Do you go through life so fast that you miss out on real life!?
What would your life be like if you simply slowed down enough to notice the people around you and to truly connect with them?
Here in London, it’s really rather quiet and surreal now that the London2012 Olympic and Paralympic Games are finished and all the athletes and thousands of visitors have gone home.
I can honestly say that the last 6 weeks in London has been my best life experience ever. I have never experienced so much camaraderie, excitement and sheer joy.
London2012 may sadly be all over but the memories will live on forever.
What made it so special was being amongst so many people who were equally on a euphoric high and were simply enjoying being. And long may the feel-good factor last…
For me and for many others, the best experience was to witness the Paralympic athletes who reminded us to never ever feel sorry for ourselves again.
On the morning of the opening ceremony of the Paralympic Games, I saw the Paralympic Torch Bearers walk along the iconic Abbey Road Beatles Crossing near my home. It was quite a moving experience and I managed to be right alongside the media from all around the world and captured this poignant image:-
The point is that most of these Paralympic torch bearers had no choice but to go through life at a slow, steady pace. And I bet they get to see and take in much more than most of us so called able-bodied people.
Of course some of the Paralympic athletes are able to go quite fast, with or without artificial limbs and I was so lucky to watch the mercurial Oscar Pistorius run on his blades in the iconic Olympic stadium.
I manifested a free ticket by simply turning up outside the stadium and putting it out there that I wanted a ticket. But that’s a story for another day:-).
During the course of the Paralympic games, I again realised how often we just take other people’s challenges for granted – we simply go through life so fast that we never really notice other people and what they are going through.
Coincidentally, a friend recently sent me this anecdotal story which may or may not be true but it resonated with me. It’s one of those stories that goes around the internet and one can never trace its source. So my thanks to whoever created this story:-
A young and successful executive was travelling down a neighbourhood street, going a bit too fast in his new Jaguar. He was watching for kids darting out from between parked cars and slowed down when he thought he saw something.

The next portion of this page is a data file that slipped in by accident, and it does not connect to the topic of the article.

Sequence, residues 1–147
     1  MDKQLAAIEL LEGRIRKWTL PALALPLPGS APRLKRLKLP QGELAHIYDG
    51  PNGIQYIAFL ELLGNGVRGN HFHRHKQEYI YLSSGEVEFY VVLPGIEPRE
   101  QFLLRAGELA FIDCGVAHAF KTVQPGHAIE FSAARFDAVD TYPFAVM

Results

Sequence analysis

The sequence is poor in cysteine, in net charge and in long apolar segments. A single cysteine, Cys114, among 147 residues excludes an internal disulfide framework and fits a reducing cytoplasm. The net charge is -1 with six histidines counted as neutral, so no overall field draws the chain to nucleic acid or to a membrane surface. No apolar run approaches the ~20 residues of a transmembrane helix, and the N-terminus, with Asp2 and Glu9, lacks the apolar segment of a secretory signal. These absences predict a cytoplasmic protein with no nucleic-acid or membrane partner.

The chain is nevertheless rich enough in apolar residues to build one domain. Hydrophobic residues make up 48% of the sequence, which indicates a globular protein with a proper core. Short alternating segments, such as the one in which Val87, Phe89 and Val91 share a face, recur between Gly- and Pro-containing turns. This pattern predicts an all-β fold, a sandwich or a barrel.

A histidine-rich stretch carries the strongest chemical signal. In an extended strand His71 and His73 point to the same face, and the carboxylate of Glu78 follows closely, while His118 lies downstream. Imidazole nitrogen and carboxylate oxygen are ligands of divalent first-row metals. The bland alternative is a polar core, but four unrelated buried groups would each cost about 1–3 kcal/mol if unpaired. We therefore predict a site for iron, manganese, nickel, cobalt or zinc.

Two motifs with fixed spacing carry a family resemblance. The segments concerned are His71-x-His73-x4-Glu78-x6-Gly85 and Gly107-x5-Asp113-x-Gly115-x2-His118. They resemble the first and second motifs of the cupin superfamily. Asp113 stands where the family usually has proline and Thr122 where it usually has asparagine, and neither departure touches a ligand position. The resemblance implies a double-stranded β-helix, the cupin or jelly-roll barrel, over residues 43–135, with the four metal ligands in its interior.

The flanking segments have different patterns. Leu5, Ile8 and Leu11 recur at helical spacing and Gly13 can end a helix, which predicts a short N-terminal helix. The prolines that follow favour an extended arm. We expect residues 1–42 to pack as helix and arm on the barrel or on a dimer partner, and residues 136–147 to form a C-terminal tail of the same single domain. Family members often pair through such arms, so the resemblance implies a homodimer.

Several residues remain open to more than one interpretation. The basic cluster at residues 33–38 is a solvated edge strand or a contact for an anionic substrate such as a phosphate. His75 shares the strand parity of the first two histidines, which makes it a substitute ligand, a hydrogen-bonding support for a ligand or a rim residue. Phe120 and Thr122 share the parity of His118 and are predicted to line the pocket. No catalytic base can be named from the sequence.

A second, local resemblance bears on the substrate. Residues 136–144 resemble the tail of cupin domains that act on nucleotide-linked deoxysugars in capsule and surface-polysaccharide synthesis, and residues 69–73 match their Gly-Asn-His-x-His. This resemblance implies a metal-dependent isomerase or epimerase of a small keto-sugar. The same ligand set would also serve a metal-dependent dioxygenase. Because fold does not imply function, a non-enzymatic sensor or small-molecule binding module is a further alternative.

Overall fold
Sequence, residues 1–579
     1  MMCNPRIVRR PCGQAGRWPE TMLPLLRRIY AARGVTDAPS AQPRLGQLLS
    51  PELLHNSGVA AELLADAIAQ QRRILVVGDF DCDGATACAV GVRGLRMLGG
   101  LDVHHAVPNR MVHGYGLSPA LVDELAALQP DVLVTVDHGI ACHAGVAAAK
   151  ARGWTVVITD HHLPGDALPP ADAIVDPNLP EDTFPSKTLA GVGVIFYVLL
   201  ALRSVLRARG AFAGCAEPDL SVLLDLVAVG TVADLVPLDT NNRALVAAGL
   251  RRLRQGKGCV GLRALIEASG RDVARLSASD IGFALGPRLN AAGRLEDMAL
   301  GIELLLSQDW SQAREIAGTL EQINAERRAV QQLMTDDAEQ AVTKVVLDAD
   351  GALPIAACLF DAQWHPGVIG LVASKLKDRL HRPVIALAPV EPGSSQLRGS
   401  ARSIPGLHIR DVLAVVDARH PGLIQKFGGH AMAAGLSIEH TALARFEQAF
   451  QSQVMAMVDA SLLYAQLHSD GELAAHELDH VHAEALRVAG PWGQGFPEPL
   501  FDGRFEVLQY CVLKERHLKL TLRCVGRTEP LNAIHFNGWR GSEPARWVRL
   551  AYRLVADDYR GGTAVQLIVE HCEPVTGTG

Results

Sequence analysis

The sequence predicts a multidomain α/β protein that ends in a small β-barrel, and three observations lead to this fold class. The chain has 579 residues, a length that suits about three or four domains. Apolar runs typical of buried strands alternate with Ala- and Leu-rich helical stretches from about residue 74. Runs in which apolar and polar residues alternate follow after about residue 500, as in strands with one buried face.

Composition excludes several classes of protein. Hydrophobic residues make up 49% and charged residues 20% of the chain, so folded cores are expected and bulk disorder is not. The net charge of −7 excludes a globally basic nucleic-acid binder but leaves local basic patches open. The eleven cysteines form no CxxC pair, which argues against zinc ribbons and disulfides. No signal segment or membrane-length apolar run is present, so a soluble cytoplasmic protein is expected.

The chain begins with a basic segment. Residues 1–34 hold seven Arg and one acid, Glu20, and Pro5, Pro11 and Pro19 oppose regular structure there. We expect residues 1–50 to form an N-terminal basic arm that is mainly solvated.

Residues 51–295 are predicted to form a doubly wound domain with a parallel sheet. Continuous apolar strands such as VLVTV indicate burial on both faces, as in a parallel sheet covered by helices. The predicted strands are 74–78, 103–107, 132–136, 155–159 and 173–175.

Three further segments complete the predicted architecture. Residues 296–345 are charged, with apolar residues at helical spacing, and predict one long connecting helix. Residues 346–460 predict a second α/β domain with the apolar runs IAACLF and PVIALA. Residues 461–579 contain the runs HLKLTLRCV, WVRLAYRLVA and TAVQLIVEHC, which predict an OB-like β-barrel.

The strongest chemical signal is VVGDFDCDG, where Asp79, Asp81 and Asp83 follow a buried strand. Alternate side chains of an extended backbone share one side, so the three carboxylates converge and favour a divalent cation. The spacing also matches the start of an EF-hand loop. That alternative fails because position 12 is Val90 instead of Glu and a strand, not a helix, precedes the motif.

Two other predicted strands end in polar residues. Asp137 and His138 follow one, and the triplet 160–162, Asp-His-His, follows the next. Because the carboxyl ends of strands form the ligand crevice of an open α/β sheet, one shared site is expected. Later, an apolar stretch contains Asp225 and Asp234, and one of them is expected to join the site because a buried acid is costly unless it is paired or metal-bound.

As his car passed, no children appeared. Instead, a brick smashed into the Jag’s side door!
He slammed on the brakes and backed the Jag back to the spot where the brick had been thrown. The angry driver then jumped out of the car, grabbed the nearest kid and pushed him up against a parked car shouting, ‘What was that all about and who are you? Just what the heck are you doing? That’s a new car and that brick you threw is going to cost a lot of money. Why did you do it?’
The young boy was apologetic.
‘Please, mister…please, I’m sorry but I didn’t know what else to do,’ He pleaded. ‘I threw the brick because no one else would stop…’
With tears dripping down his face and off his chin, the youth pointed to a spot just around a parked car. ‘It’s my brother,’ he said, ‘he rolled off the curb and fell out of his wheelchair and I can’t lift him up.’ Now sobbing, the boy asked the stunned executive, ‘Would you please help me get him back into his wheelchair? He’s hurt and he’s too heavy for me.’
Moved beyond words, the driver tried to swallow the rapidly swelling lump in his throat. He hurriedly lifted the handicapped boy back into the wheelchair, then took out a linen handkerchief and dabbed at the fresh scrapes and cuts. A quick look told him everything was going to be okay
‘Thank you and may God bless you,’ the grateful child told the stranger. Too shook up for words, the man simply watched the boy push his wheelchair-bound brother down the sidewalk toward their home.
It was a long, slow walk back to the Jaguar. The damage was very noticeable, but the driver never bothered to repair the dented side door.
He kept the dent there to remind him of this message:
‘Don’t go through life so fast that someone has to throw a brick at you to get your attention!’
So from now onwards, slow down and make sure you too don’t need a brick to be thrown at you!
I’m all about slowing down so thank you for writing this!! I’ve heard the story of the Jag before and actually copied it and pasted it in a file to remember it. But I’d forgotten it until I read your post. Thank you for the reminder.
Betsy, I wish I could slow down as much as the “Zen Mama” 🙂
Here’s to a slow and happy week….